A focus on strong customer service has also loomed large in Hogan’s family background. His father Tom established Tom Hogan’s Motors in 1977, which over the years grew to include five branches. Due to the heavy down-turn in the car trade however, this side of the business closed in June of last year. The Lynch Road forecourt, which was originally opened in 2000, also closed in June, up until its re-launch this month.

Forecourt retailing isn’t a step into the unknown for the retail savvy Hogans therefore, with the family also previously owning petrol stations on the Gort Road and the Limerick Road in Ennis. Keeping their sights on re-building the business, the team are hoping to re-enter the motor trade by selling cars on the Lahinch Road site and have also diversified by opening up a car repair centre in Ennis.

Already, this has created a further three jobs for the area. “We hope that in the next six months, we would have an extra 10 people working with us, when we get the car sales and workshop fully up and running,” adds Hogan.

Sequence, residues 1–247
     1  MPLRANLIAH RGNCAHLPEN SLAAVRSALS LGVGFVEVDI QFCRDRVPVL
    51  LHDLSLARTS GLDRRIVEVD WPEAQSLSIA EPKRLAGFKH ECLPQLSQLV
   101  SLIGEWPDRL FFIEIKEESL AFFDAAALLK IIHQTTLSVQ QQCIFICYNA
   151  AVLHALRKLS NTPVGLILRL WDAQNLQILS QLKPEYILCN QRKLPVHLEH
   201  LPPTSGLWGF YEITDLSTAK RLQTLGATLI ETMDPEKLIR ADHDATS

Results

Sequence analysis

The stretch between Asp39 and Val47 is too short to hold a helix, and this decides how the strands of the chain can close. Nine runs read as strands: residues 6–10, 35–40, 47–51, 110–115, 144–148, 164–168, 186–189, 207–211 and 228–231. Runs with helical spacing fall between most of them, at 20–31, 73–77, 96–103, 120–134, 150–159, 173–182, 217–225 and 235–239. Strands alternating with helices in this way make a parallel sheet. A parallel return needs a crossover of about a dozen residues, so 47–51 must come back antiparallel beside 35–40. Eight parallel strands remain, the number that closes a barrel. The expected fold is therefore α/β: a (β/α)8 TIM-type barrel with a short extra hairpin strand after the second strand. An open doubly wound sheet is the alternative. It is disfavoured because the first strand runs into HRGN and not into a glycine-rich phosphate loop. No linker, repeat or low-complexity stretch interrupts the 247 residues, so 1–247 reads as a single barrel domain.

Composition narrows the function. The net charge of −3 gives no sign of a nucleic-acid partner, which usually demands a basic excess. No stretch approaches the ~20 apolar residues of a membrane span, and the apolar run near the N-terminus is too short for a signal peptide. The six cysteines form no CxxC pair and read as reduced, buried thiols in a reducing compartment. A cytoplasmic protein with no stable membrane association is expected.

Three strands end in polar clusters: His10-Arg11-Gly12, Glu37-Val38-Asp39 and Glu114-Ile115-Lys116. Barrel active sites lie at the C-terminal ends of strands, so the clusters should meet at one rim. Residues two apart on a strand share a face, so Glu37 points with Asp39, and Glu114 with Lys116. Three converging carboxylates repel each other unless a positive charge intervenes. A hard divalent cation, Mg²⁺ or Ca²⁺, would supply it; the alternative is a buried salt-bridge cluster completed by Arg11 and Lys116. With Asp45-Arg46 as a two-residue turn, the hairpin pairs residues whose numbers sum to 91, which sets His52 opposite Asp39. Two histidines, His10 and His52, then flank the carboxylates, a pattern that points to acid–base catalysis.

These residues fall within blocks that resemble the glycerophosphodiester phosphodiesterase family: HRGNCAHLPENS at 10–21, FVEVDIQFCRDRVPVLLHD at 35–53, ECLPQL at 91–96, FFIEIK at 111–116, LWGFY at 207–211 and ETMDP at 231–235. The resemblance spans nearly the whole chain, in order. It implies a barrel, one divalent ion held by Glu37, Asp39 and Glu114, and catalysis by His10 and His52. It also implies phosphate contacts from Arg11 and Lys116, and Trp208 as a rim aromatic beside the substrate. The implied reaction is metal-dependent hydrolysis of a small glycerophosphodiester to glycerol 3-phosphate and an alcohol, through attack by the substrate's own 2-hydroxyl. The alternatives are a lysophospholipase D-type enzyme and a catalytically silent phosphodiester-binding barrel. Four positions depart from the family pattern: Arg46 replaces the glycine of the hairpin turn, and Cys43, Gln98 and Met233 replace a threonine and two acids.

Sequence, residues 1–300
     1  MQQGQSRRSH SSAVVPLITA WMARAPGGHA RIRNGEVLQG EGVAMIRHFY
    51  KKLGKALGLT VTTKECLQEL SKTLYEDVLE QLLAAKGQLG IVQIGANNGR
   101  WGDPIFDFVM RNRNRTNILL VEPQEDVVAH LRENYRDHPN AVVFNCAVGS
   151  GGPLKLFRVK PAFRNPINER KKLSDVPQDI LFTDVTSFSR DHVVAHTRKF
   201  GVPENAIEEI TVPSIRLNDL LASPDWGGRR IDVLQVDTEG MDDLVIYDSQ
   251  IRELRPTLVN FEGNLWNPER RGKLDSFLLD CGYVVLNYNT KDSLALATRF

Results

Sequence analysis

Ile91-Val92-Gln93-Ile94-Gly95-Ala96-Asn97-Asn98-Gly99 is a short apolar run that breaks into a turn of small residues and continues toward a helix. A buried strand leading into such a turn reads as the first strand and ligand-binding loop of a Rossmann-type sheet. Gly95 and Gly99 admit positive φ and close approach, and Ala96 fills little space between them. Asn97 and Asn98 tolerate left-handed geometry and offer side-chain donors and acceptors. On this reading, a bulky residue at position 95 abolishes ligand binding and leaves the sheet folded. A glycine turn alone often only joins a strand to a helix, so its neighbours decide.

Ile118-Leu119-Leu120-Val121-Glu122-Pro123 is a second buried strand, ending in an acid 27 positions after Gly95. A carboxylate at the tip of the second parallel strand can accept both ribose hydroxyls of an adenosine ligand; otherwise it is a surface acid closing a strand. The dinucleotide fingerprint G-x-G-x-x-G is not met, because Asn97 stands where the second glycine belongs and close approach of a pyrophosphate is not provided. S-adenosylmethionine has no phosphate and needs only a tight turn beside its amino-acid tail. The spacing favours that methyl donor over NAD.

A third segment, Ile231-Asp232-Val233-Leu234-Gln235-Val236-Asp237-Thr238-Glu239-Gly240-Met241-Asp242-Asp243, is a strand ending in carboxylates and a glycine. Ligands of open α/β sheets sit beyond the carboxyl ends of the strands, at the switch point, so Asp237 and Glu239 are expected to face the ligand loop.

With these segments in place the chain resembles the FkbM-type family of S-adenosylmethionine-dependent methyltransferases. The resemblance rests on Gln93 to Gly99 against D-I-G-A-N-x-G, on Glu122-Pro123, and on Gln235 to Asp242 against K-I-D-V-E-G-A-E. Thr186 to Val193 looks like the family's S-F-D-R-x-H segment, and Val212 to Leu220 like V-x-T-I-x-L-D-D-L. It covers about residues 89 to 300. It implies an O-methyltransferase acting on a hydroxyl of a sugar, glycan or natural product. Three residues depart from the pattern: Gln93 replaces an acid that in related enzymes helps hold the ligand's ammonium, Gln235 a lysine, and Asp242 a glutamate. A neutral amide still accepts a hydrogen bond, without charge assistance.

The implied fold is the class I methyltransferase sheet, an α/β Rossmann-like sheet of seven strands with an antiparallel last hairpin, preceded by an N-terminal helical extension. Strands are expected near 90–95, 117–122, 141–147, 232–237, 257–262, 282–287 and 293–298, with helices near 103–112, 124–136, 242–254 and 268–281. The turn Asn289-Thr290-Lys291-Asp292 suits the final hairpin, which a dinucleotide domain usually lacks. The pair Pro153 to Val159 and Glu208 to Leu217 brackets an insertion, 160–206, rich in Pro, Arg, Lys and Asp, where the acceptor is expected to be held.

Convenience marries value

Having already been dealt a severe blow by the dramatic drop in consumers’ discretionary spend though, does he now feel that convenience retailing is the way forward? “Convenience is the way forward, provided there’s go

od value as well,” is his considered verdict.  

“You’re never going to be as cheap as the Aldis and the Lidls, but if people know that you’re offering value, through strong pricing, own brand products and special offers, they’ll come to you. You’re not going to get the grocery shop, you never are, but there is a place in the market for convenience, providing customer service is combined with value.”

Eliminating “pet hates” is another strategy at the top of his agenda to increase customer satisfaction. “We’re giving customers brown paper bags instead of the plastic bags,” he explains. “All your own pet hates when you go into a filling station, we’re trying to address all those, such as when you go in and buy half a dozen items and have to carry them out in your arms.”